How does the skin develop follicles and eventually sprout hair? Research from a team including Oxford Mathematicians Ruth Baker and Linus Schumacher addresses this question using insights gleaned from organoids, 3D assemblies of cells possessing rudimentary skin structure and function, including the ability to grow hair.
In the study, the team started with dissociated skin cells from a newborn mouse. They then took hundreds of timelapse movies to analyse the collective cell behaviour. They observed that these cells formed organoids by moving through six distinct phases: 1) dissociated cells; 2) aggregated cells; 3) cysts; 4) coalesced cysts; 5) layered skin; and 6) skin with follicles, which robustly produce hair after being transplanted onto the back of a host mouse. By contrast, dissociated skin cells from an adult mouse only reached phase 2 - aggregation - before stalling in their development and failing to produce hair.
To understand the forces at play, the scientists analysed the molecular events and physical processes that drove successful organoid formation with newborn mouse cells. "We used a combination of bioinformatics and molecular screenings" said co-author Mingxing Lei from the University of Southern California. At various time points, they observed increased activity in genes related to: the protein collagen; the blood sugar-regulating hormone insulin; the formation of cellular sheets; the adhesion, death or differentiation of cells; and many other processes. In addition to determining which genes were active and when, the scientists also determined where in the organoid this activity took place. Next, they blocked the activity of specific genes to confirm their roles in organoid development.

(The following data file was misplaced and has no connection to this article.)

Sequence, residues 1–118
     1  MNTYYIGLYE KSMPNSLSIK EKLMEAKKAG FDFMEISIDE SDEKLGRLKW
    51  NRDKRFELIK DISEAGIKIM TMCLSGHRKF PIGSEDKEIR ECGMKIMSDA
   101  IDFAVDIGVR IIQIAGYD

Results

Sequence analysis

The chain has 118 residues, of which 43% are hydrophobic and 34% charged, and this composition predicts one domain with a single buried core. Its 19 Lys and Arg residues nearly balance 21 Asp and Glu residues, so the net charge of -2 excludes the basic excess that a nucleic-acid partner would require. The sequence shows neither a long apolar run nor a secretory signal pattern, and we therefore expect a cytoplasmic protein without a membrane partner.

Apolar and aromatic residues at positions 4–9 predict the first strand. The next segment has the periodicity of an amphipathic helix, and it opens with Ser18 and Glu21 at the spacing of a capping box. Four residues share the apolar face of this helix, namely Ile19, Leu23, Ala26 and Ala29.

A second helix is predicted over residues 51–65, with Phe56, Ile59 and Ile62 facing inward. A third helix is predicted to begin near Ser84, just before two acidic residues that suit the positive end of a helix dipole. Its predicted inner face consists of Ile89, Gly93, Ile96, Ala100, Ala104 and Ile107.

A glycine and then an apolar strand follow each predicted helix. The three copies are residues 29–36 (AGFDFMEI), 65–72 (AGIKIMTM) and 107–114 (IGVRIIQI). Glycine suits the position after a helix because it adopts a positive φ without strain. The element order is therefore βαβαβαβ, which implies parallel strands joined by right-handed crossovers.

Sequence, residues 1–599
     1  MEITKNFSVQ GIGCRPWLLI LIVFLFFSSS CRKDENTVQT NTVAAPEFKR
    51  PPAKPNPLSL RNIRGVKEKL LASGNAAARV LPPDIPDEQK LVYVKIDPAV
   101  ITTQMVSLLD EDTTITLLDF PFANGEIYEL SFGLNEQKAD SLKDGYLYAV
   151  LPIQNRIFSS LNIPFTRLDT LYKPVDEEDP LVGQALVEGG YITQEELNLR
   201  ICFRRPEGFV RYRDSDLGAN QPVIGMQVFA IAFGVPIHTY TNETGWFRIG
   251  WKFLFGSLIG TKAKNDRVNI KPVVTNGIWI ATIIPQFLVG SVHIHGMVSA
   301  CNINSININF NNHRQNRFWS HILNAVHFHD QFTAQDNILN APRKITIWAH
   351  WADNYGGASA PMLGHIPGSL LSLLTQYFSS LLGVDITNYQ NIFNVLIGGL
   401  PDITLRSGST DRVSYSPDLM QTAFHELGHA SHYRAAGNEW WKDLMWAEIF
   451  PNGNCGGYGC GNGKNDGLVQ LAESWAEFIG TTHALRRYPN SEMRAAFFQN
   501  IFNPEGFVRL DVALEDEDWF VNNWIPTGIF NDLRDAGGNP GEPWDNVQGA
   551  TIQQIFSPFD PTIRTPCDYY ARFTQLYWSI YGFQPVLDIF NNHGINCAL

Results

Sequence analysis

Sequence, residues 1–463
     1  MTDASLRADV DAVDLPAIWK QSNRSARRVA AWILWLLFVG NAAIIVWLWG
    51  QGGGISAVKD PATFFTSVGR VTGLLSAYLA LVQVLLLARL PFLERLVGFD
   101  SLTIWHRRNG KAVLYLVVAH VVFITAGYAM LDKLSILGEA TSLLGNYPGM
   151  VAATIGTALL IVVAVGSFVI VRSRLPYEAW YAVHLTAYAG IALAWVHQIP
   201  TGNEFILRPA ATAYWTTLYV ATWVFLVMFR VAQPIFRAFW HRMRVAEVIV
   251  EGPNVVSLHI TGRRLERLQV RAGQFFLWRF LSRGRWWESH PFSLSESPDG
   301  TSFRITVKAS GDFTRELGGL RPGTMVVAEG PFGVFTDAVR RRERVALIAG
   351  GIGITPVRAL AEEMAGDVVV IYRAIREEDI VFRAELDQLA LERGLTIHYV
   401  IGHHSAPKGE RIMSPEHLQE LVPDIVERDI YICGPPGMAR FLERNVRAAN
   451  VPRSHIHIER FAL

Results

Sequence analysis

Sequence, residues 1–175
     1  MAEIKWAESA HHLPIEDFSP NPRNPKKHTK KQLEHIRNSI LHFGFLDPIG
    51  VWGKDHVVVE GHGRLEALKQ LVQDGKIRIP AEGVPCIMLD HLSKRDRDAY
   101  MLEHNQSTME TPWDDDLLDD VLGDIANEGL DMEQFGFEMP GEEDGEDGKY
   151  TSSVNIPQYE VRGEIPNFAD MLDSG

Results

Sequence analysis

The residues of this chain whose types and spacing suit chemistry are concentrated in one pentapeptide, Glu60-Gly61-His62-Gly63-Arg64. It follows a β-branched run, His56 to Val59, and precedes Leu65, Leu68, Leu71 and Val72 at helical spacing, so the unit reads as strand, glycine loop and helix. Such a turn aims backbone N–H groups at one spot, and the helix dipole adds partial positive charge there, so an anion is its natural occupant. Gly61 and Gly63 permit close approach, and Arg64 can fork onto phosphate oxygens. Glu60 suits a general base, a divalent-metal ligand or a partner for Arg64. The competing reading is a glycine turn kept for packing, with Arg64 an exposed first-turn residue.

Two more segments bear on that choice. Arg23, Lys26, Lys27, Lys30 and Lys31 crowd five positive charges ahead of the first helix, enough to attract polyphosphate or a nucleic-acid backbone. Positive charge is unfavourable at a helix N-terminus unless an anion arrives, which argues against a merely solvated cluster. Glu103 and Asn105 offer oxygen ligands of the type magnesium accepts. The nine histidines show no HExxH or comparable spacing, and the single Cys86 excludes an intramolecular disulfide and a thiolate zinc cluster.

By carefully studying these developmental processes, the scientists obtained a molecular "how to" guide for driving individual skin cells to self-organise into organoids that can produce hair. They then applied this "how to" guide to the stalled organoids derived from adult mouse skin cells. By providing the right molecular and genetic cues in the proper sequence, they were able to stimulate these adult organoids to continue their development and eventually produce hair. In fact, the adult organoids produced 40 percent as much hair as the newborn organoids - a significant improvement.
"Normally, many ageing individuals do not grow hair well, because adult cells gradually lose their regenerative ability," said Cheng-Ming Chuong from the team. "With our new findings, we are able to make adult mouse cells produce hair again. In the future, this work can inspire a strategy for stimulating hair growth in patients with conditions ranging from alopecia to baldness."